Other countries have started to act unilaterally by working with Russia as well.

Japan announced its plans to move forward with non-strategic submarine dismantlement in the Pacific Fleet in the Russian Far East. Tokyo has released $168m in funding from the Japan-Russia Committee for Cooperation in Reducing Nuclear Weapons. The funds were previously suspended following disagreements between Moscow and Tokyo.

Germany, Canada Great Britain and Sweden are in active talks with Moscow on funding nuclear clean-up in north-west Russia. It is unknown whether any of these countries will fund the dismantlement of non-strategic submarines, but their plans suggest financing infrastructure for managing spent fuel, radioactive waste and reactor sections from scrapped submarines — projects which are also vitally important.

There is still a legal roadblock, however, hampering the efficient start of many of the projects and other countries involvement. That is the lack of an umbrella agreement on the Multilateral Nuclear Environment Programme in the Russian Federation, or MNEPR, which stipulates nuclear liability and taxation issues for the Western donors. But the agreement may be signed this year as promised by Russia’s Prime Minister Mikhail Kasyanov at the Barents Region Prime Ministers’ Meeting in Kirkenes, north Norway, in January 2003. The Barents Region programme includes Norway, Sweden, Finland and Russia. The next MNEPR agreement meeting is scheduled for late February in Moscow.

Table: Non-strategic submarines overview

Project/class Number built
Construction years In service
With fuel Without fuel
627/November 92/4 1955-1964 0/0 5/2 3/2
658/Hotel 6/2 1958-1964 0/0 23/1 4/1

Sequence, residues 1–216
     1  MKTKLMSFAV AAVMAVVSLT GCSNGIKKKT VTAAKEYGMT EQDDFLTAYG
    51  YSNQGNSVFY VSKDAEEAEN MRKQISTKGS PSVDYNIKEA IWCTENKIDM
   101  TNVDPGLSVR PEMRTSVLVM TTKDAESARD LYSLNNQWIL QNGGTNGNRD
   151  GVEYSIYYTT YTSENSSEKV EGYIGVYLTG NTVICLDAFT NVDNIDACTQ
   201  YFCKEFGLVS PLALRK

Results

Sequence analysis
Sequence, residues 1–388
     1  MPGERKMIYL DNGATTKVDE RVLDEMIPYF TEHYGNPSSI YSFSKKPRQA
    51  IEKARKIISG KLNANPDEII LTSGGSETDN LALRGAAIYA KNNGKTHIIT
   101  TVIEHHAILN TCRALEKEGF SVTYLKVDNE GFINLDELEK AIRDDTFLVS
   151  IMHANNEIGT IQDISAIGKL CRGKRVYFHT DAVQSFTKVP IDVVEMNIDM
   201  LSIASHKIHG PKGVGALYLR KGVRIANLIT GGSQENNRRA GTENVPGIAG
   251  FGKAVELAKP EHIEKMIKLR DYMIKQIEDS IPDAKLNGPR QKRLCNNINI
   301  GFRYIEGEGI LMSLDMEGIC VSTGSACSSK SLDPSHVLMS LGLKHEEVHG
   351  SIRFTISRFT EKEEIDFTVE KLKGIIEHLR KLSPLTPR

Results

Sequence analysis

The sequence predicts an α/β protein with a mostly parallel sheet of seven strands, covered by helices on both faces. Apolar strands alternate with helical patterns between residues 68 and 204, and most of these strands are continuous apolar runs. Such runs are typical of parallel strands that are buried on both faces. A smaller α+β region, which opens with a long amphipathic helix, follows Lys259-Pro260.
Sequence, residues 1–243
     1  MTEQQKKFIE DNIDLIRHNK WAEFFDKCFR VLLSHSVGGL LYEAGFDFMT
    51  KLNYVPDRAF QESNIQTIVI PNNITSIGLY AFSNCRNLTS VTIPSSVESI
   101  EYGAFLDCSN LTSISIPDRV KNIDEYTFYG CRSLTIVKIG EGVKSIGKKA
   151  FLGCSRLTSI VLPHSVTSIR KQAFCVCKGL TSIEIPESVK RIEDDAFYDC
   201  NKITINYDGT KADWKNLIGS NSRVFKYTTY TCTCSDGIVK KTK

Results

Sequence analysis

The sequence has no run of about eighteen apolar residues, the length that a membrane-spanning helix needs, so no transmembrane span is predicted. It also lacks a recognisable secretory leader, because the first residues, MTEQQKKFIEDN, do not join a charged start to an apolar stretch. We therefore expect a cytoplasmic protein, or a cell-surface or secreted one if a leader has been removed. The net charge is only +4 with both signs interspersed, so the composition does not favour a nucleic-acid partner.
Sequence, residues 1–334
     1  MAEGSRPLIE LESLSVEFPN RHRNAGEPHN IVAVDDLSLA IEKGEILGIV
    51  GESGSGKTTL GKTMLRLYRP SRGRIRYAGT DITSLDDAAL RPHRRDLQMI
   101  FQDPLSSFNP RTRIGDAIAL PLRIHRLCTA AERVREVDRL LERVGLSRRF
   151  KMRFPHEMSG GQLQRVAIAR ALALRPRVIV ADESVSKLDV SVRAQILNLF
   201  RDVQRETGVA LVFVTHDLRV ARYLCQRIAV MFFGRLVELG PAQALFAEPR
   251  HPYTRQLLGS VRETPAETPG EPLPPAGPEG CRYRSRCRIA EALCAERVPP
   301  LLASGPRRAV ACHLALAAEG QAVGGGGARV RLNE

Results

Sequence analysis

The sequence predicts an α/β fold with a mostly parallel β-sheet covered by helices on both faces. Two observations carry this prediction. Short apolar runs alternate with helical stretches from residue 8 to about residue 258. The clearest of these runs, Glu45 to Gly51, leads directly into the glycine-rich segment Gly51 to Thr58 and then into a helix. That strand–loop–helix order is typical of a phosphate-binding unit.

659/Echo-I 0/5 1961-1963 0/0 0/54 0/0
675/Echo-II 15/14 1961-1966 0/0 6/10 9/4
671/Victor-I5 12/3 1963-1974 0/0 11/3 1/0
671RT/Victor-II 7/0 1971-1978 0/0 46/0 3/0
671RTM/Victor-III7 16/10 1976-1992 8/2 7/8 1/0
670A/Charlie-I 0/11 1970-1980 0/0 0/11 0/0
670M/Charlie-II 6/0 1972-1980 0/0 5/0 1/0
949/Oscar-I 2/0 1978-1981 0/0 2/0 0/0
949A/Oscar-II 68/5 1988-1997 5/5 0/0 0/0
705/Alfa9 7/0 1968-1981 0/0 3/0 4/0
945/Sierra 4/0 1982-1993 310/0 0/0 1/0
971/Akula 6/7 1986-2002 6/7 0/0 0/0
Total 96/61 22/14 45/40 27/711
Sub Total 15712 36 85 34
[1] Northern Fleet/Pacific Fleet.
[2] November class K-8 sank in 1960.
[3] Hotel class K-19 ("The widow maker") is transferred to Nerpa shipyard for defuelling and decommissioning in April 2002.
[4] Some of Echo-I class submarines in the PF may have been defuelled.
[5] 9 Victor-I submarines are laid up at Gremikha base in the NF. K-314 (PF) has reactors damaged after the 1985 Chazhma accident in the PF.
[6] 3 Victor-II submarines are laid up at Gremikha base.
[7] Victor-III are phasing out. There is an indication that all of them are taken out of service in the PF and only 5 remains in service in the NF.
[8] Oscar-II class K-141 (Kursk) sank in 2000.
[9] Alfa class submarines are equipped with one liquid metal cooled reactor each. K-64 reactor compartment is in Sayda Bay — storage site for defuelled submarine reactor compartments at the Kola Peninsula — but contains spent nuclear fuel.
[10] Two more Sierras may have been taken out of operation with only one still remaining in service.
[11] The number of the defuelled submarines in the PF may be slightly larger.
[12] The total number of the non-strategic submarines built excludes prototype submarines: November liquid metal (K-27), Papa, Mike (Komsomolets) as well as some redesigned SSBNs.